Labour has branded the lobbying watchdog “toothless” after it gave the green light for former chancellor Lord Hammond to take up a role advising the Saudi Arabia finance ministry.
Despite flagging concerns about Philip Hammond’s close links with Riyadh during his time in government, the Advisory Committee on Business Appointments (Acoba), which vets jobs taken up by former ministers, last month paved the way for the former foreign and defence secretary to help Saudi Arabia modernise its finance system.
It comes after a furore in Westminster in recent months over lobbying on behalf of failed finance firm Greensill Capital by former prime minister David Cameron, and revelations about the close links between former senior ministers and civil servants.
Labour deputy leader Angela Rayner said Acoba’s approval for the Conservative peer to take up the job with the Saudi government shows the current lobbying safeguards are “completely unfit for purpose”, labelling the committee “toothless”.
Committee chairman Lord Pickles, in his letter to Lord Hammond, said there were concerns that, having worked with the administration in Riyadh while in government, the role risked creating a “perception you may be offered this work as a result of your time in office” and that his inside knowledge could put Saudi Arabia at an “unfair advantage”.
Lord Hammond travelled to Saudi Arabia five times while chancellor and had “numerous meetings” with its finance minister, as well as an audience with King Salman, during his Treasury tenure, the committee was told.
However, former Tory Party chairman Lord Pickles, in his letter about the approval, said consultation with Lord Hammond’s former departments had helped satisfy concerns.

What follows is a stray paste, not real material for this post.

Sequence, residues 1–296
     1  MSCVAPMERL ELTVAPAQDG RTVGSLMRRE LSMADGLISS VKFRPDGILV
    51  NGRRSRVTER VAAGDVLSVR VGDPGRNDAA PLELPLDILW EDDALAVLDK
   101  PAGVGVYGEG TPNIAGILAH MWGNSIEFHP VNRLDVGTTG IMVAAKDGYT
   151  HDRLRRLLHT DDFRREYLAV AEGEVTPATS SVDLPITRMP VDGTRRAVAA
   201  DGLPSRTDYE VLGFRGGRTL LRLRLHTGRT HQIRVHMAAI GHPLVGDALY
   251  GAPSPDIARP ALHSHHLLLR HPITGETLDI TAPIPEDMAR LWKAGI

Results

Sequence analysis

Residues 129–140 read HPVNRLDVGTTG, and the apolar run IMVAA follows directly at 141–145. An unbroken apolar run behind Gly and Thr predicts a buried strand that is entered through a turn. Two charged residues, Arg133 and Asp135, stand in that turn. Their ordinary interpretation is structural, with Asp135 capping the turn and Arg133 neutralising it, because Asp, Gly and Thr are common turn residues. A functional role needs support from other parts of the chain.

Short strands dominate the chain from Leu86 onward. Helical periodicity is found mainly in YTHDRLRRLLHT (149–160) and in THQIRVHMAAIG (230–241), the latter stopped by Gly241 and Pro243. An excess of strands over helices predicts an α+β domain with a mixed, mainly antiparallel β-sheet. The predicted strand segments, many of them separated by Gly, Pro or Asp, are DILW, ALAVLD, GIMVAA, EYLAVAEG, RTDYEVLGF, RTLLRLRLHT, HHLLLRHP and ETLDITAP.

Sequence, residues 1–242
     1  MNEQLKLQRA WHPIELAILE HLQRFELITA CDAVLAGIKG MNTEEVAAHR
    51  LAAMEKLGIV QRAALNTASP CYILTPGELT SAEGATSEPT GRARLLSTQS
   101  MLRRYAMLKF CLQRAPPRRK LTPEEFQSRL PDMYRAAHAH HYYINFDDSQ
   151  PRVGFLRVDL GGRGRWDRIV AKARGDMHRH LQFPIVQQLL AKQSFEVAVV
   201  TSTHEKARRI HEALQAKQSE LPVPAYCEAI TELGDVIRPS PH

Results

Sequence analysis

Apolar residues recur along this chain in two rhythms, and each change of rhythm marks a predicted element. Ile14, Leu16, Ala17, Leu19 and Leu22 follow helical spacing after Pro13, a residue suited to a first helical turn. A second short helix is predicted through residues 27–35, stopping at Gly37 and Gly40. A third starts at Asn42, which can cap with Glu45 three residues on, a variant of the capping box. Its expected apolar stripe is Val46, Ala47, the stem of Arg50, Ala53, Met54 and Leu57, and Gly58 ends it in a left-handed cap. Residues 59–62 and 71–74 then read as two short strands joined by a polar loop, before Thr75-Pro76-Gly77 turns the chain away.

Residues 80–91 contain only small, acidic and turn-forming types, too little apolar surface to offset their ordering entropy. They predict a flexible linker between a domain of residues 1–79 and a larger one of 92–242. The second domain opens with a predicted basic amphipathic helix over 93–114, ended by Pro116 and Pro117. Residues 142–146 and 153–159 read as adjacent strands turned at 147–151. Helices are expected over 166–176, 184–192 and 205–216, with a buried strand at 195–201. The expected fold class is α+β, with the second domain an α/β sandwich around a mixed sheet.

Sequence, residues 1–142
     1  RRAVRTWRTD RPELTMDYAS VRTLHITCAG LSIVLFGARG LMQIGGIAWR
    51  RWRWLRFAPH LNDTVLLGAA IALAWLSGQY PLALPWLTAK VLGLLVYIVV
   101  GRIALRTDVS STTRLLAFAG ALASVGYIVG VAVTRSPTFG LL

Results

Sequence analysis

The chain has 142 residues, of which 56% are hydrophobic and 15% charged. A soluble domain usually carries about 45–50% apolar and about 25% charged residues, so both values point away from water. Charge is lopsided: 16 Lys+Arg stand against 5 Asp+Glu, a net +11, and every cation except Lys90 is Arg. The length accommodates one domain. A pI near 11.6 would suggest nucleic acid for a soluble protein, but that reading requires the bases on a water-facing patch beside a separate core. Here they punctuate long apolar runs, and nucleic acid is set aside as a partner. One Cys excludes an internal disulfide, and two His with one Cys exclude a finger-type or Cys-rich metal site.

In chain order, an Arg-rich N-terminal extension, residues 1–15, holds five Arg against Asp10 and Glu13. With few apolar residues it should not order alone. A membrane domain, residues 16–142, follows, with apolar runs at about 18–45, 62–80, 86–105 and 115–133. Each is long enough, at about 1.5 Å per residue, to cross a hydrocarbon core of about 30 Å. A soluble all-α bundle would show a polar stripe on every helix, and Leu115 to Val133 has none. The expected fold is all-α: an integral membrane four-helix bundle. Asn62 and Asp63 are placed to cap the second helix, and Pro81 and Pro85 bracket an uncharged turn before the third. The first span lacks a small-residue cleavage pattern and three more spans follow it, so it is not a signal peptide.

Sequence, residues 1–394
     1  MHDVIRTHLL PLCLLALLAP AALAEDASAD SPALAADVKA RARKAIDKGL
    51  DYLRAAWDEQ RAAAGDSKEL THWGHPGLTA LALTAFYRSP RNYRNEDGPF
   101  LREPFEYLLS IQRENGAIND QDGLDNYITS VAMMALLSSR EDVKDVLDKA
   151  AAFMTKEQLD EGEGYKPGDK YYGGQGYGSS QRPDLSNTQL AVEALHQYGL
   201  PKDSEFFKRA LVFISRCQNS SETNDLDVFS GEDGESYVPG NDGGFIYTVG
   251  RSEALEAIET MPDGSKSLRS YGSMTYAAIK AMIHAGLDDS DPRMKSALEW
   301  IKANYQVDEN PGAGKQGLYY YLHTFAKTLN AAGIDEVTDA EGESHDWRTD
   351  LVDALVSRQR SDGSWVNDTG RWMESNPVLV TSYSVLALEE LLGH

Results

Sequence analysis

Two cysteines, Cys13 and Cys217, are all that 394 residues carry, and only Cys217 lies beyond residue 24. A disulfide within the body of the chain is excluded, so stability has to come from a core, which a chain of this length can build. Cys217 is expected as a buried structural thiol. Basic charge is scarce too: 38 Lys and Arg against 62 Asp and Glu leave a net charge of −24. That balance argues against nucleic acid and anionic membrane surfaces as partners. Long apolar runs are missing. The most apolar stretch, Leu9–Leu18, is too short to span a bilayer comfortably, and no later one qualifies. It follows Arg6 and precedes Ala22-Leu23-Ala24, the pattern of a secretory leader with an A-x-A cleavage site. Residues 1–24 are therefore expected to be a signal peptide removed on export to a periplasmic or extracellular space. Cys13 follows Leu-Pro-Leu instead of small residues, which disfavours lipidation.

The Treasury said the fact that the ex-cabinet minister had been out of office for 22 months meant he would “not be privy to any live policy issues” concerning Saudi Arabia, while also being bound by ministerial confidentiality.
The Foreign Office, meanwhile, said it supports the veteran politician’s attempts to modernise a UK ally.
The committee approved Lord Hammond’s appointment, which comes via his personal consultancy business, although Labour peer Lord Whitty recorded “his dissent from the majority”.
Ms Rayner said: “This is yet more evidence that the system of rules and regulations that is supposed to prevent the revolving door between government office and lobbying is completely unfit for purpose.
“The Acoba system is pointless and toothless. If anything, it causes more harm than good by giving a veil of respectability to the rampant cronyism, sleaze and dodgy lobbying that is polluting our democracy under the Tories.”
Labour said the time limit on former ministers lobbying government after leaving office should be extended from two years to five, vowing to replace Acoba with an “Integrity and Ethics Commission” to stamp out sleaze.
Lord Hammond stood down from the Commons at the 2019 general election after being stripped of the Tory whip by Prime Minister Boris Johnson following his rebellions over Brexit, but was last year afforded a peerage.
His ban on lobbying government contacts is due to lapse.